Mister Invincible: Local Hero graphic novel review

Written and illustrated by Pascal Jousselin. Colored by Laurence Croix. Translation by David Byron, James Hogan, and Ivanka T. Hahnenberger. Layout, localization, and editing by Mike Kennedy. Published by Magnetic Press. 

I don’t say this lightly; this is a must buy comic. Any person who enjoys comic books and all that the medium can do needs to buy this book. Buy a physical copy of the book not a digital one. 

Mister Invincible has the power of comics. “What does that mean?” It means he can take full advantage of the panels, gutters, and layout of the comic book page. He jumps down the page, across, or grabs assistance from a future panel to help him in the present. The comic expands what comics can be and tells a story which could only be done in this format. 

Pages are altered by his battles. I thought my copy was damaged, but no! It is all part of the story. Other characters use word balloons, page turns, and color in heroic and villainous ways. Which is why I say to only read this in a physical format. I don’t want to give too much away, but one villain’s power really depends on turning the page, in a manner that won’t feel the same digitally. 

The comic is being marketed to children and while it is kid friendly and enjoyable I think that does a disservice. All comic fans should read this book to remember or learn what comics can be and why they’re the best method of storytelling in existence. Mr Invincible is round and cartoonish, but he is the perfect hero for the job. The job of bending time and space in a four color world. I would place it alongside Scott McCloud’s Understanding Comics and Will Eisner’s Comics and Sequential Art. A true deconstruction and rebuilding of what comics are. People have played with panels before but none have dedicated an entire character to gutter jumping.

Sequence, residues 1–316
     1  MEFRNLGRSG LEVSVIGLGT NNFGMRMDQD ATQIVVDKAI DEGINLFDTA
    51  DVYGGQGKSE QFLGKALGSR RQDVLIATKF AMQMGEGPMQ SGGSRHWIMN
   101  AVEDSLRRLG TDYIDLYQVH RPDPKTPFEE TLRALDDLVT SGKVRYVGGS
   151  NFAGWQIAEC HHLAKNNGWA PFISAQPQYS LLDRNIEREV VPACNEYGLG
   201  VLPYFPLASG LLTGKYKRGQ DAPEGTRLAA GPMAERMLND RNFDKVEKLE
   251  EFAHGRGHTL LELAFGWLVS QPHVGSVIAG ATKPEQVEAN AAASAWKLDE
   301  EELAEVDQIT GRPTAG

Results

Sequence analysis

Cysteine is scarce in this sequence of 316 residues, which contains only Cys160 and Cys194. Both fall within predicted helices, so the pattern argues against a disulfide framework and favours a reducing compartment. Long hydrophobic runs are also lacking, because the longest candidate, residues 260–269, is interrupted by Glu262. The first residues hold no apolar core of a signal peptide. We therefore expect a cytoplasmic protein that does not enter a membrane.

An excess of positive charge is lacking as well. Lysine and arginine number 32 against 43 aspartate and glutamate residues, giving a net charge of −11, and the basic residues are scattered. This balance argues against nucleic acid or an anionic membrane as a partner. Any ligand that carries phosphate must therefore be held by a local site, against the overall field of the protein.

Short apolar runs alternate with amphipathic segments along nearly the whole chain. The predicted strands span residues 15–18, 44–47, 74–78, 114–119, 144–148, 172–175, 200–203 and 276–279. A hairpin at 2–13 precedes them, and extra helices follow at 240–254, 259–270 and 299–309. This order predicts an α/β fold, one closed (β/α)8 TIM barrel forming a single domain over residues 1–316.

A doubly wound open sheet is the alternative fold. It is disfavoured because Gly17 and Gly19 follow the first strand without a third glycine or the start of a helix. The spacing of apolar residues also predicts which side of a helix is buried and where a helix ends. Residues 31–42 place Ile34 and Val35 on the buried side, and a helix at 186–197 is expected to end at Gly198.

In the spirit of John Byrne’s She-Hulk, I love that Mister Invincible is self aware of his powers. The other citizens of his world are aware that he has powers, but don’t understand. Mister Invincible knows and embraces that he is a comic book character. He has a belief in his abilities that comes through in his calm and laid back crime fighting. He knows he’ll get out of any situation safely, and is relaxed as he borrows from other panels or gets assistance from a future (or past) self. Not that there aren’t high stakes involved. When facing another person who has comic bending powers, Mister Invincible knows he’s about to face a real challenge. In the end though he works with their powers, although not necessarily with the character, to save the day. The power of comics involves writing, drawing, coloring, and lettering combined – and so does Mister Invincible. 

This is already at the top for the best comics I’ve read this year, and will probably be on my all time list as well. Just when I thought I knew comics inside and out a story like this comes along to change all that I held true.

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